I'm trying to check if a string is only of one char, and I ran into this problem: LaTeX complains that \StrLeft in the comparison takes and additional argument:

! Argument of \@secondoftwo has an extra }.
<inserted text> 
l.11 \IfStrEq{A}{\StrLeft{AB}{1}}

However, it doesn't in the first one.






I know I could take an additional third input and set a variable, but why is it not possible to use it like this?

  • Using it as such with the last optional parameter to allow you to store the result: \StrLeft{AB}{1}[\LeftChar] \IfStrEq{A}{\LeftChar}{True}{False}. Alternatively, if you just want to check the first char you could use \IfBeginWith. Apr 25 '12 at 18:19
  • Yes, but why doesn't it work in that special case? Apr 25 '12 at 18:23
  • Actually I want to check if the string is only of one char Apr 25 '12 at 18:24
  • Best way to check if it is one char would be: \StrLen{AB}[\length] \IfEq{\length}{1}{one char}{not one char}. I can't properly explain they "why" part, so will leave that to the real experts here. Apr 25 '12 at 18:27
  • I guess \IfStrEq requires expandable input and \StrLeft isn't fully expandable. Therefore it breaks and the error is caused.
    – Martin Scharrer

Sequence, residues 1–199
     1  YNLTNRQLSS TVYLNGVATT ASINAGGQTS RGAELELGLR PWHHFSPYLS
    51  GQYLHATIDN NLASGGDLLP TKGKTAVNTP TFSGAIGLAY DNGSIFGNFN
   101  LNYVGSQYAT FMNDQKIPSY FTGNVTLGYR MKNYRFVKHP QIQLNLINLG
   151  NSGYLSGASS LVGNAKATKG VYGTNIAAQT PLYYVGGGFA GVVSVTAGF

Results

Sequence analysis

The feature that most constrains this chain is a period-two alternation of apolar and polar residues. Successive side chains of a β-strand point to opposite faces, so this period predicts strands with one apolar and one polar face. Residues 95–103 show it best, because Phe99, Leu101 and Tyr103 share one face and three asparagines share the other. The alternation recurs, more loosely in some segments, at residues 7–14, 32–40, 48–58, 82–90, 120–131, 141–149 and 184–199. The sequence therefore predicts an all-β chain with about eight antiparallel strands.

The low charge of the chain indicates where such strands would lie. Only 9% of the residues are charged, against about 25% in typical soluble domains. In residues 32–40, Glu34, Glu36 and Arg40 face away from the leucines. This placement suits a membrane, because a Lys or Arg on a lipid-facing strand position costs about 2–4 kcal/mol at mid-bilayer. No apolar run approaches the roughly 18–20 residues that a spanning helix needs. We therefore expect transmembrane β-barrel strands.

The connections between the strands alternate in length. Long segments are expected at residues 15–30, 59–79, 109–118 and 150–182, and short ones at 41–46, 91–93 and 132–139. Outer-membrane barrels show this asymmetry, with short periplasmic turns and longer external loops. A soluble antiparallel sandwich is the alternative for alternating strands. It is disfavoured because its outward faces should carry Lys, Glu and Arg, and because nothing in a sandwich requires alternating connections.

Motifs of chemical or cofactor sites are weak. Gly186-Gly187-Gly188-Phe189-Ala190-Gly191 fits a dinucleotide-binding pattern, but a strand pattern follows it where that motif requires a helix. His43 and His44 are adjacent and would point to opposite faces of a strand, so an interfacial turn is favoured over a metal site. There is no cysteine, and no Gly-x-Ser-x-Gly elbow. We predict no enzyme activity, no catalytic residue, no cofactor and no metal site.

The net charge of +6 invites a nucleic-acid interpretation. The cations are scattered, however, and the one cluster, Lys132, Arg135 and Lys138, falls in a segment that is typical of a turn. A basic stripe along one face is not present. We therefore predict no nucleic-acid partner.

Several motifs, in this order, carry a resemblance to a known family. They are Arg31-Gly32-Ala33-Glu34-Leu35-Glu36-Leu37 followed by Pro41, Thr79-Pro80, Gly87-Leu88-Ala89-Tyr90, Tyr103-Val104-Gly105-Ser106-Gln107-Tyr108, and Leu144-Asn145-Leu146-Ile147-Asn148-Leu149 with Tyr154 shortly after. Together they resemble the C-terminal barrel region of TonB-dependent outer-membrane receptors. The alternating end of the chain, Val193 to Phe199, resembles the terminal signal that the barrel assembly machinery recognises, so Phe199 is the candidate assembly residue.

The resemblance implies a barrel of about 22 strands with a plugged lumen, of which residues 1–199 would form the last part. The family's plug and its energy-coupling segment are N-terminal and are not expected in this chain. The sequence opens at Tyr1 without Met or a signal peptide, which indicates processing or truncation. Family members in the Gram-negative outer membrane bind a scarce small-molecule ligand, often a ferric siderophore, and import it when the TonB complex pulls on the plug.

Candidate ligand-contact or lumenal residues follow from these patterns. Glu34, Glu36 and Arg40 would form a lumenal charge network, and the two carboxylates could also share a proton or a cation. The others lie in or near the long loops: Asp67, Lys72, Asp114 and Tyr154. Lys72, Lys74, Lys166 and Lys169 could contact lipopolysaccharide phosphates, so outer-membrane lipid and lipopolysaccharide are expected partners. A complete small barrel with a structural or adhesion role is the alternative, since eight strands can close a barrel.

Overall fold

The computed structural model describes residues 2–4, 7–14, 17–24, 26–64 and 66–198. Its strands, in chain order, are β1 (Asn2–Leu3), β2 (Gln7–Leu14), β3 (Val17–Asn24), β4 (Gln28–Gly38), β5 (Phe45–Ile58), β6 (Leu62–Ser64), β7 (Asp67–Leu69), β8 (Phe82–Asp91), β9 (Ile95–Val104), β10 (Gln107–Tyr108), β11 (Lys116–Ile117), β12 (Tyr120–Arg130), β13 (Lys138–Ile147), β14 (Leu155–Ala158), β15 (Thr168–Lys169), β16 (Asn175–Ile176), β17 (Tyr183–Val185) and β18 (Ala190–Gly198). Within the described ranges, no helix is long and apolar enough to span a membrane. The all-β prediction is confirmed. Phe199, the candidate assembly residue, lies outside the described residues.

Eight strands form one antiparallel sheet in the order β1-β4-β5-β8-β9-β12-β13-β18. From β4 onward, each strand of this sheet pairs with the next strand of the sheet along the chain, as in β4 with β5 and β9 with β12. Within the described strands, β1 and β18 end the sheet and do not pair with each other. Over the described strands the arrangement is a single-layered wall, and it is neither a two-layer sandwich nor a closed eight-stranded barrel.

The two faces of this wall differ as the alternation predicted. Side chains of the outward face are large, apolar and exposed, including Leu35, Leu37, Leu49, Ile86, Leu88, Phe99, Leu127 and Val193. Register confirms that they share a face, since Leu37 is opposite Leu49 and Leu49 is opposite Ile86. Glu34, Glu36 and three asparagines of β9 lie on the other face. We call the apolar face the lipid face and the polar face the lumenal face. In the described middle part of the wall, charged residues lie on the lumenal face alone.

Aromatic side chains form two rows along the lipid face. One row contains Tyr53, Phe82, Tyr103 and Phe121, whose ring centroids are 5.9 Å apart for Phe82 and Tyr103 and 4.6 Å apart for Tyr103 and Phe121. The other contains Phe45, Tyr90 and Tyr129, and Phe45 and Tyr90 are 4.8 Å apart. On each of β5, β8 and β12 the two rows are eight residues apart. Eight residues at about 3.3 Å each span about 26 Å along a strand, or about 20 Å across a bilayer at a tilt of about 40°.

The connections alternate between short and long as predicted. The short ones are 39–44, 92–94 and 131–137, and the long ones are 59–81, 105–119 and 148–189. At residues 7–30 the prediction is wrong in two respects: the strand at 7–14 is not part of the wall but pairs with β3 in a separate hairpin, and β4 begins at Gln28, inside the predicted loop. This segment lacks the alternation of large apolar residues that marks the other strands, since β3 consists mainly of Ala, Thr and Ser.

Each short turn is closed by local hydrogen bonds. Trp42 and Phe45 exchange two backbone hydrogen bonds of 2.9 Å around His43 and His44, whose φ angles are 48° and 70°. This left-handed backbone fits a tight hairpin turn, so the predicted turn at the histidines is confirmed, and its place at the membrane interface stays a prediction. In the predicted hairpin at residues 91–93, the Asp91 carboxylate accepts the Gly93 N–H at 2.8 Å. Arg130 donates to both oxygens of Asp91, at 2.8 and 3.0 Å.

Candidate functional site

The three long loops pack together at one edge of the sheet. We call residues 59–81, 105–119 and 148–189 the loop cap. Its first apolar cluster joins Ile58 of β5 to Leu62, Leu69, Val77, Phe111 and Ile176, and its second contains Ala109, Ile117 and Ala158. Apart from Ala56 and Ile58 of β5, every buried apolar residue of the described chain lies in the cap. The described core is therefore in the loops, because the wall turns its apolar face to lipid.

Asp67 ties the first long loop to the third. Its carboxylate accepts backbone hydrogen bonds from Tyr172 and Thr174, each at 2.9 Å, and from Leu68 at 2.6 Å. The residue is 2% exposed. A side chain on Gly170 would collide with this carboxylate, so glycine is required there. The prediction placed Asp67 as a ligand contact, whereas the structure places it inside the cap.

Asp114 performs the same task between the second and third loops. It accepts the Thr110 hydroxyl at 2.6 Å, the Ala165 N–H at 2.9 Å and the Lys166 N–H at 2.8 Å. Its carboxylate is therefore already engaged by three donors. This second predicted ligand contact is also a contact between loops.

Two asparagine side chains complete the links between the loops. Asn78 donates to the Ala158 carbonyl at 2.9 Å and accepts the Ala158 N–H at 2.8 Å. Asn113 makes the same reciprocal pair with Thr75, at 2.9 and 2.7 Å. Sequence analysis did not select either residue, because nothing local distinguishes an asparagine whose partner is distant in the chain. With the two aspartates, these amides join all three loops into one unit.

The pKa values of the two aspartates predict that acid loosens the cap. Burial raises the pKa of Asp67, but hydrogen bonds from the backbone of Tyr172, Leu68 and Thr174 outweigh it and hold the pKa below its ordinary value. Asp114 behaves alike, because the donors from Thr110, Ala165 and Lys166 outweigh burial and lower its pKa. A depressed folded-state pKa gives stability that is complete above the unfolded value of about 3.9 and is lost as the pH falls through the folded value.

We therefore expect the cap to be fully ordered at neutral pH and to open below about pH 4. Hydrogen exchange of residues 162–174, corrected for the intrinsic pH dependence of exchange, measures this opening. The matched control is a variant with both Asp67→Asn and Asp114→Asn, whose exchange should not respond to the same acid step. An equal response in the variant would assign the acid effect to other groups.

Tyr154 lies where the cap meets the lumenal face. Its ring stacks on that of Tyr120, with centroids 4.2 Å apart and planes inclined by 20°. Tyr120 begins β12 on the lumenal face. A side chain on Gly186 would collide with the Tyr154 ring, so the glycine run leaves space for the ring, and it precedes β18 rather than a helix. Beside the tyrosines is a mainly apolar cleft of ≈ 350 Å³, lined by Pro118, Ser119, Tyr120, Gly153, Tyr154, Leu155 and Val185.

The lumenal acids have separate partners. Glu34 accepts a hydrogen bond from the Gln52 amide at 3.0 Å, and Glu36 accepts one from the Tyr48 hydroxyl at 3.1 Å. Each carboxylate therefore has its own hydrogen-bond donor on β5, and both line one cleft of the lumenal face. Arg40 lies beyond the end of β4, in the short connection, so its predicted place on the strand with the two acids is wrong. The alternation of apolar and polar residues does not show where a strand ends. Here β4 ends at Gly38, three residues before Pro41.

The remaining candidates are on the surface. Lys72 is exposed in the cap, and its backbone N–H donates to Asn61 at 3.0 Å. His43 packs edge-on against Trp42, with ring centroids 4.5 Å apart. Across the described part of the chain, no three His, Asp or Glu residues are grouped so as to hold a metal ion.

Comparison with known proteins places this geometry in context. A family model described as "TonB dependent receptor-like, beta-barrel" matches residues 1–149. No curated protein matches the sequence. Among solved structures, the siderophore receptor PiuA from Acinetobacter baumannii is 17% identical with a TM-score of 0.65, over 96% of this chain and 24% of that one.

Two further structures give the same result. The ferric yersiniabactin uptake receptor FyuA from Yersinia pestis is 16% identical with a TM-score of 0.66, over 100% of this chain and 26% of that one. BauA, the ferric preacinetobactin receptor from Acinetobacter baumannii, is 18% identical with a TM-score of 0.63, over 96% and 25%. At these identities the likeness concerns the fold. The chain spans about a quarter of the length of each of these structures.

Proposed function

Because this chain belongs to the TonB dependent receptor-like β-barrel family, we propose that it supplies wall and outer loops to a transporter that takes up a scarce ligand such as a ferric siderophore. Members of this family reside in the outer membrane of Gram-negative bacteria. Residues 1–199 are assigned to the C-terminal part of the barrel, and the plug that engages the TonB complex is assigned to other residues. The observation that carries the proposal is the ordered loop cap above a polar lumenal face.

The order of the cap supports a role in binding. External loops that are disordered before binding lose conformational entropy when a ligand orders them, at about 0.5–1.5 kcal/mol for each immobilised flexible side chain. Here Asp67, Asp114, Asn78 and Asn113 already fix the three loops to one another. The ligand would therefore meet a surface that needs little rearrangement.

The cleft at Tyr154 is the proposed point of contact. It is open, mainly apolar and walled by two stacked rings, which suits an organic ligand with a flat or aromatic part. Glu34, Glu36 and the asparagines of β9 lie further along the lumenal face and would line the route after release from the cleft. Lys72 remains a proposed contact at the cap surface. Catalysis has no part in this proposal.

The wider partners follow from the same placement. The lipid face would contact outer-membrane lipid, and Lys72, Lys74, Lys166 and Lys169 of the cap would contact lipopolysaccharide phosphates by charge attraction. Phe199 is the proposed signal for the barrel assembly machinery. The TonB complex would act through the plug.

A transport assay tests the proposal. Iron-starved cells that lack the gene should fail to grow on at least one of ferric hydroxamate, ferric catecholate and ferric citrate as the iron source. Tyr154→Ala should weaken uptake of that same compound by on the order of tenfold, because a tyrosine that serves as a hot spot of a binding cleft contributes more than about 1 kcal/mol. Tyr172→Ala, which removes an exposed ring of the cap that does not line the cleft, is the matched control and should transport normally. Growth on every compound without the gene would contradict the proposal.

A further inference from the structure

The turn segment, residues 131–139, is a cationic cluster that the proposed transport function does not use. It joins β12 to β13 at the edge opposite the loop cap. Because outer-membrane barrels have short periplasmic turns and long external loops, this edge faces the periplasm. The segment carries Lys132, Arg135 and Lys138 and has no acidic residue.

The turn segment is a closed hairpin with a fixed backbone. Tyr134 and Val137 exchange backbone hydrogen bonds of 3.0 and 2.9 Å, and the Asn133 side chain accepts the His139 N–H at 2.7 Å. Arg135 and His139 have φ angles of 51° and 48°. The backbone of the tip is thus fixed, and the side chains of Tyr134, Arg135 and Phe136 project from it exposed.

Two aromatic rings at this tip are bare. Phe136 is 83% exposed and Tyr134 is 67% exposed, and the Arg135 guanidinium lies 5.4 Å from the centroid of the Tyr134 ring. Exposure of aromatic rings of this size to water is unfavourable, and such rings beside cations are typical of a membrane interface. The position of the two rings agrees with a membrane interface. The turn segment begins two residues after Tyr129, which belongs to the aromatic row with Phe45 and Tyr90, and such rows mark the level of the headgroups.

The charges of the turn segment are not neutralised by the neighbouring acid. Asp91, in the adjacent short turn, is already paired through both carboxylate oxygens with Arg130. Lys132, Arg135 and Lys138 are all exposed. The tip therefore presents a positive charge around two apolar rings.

Apr 25 '12 at 18:29

The "real" reason why


doesn't work is that \StrLeft{AB}{1} produces the set of instructions necessary to extract the first token from the string AB, not the first token itself, while \IfStrEq needs to see the token.

Such instructions aren't made only by "expandable macros", because some computations need to be performed and this involves assignment of values to registers, thus cannot be evaluated by \IfStrEq. This is essentially the reason why all xstring commands have an optional last argument where to store the result of an extraction or substitution.

In your case a two step procedure must be used:


will work, because \IfStrEq normally does expansion and \temp just contains the first token got from the string AB.


As Martin Scharrer said, you are using non expandable constructs so they do not work in all contexts, even if an error is avoided you need to decide if \def\temp{a}\temp is "equal" to "a" (and so have string length 1) or not. Either answer is reasonable but the coding required is completely different depending on what strings you want to consider, and what definition of equality you want.

Here's a simple expandable test just using TeX primitives that gives one definition of a test for string length 1:

$ tex one
This is TeX, Version 3.1415926 (Web2C 2010)
: length 0
a: length 1
abc: longer than 1
abcd: longer than 1
No pages of output.

produced by:

\def\isone#1{\immediate\write20{#1: \xisone#1{}{}\isone}}

     length 0%
     length 1%
     longer than 1%






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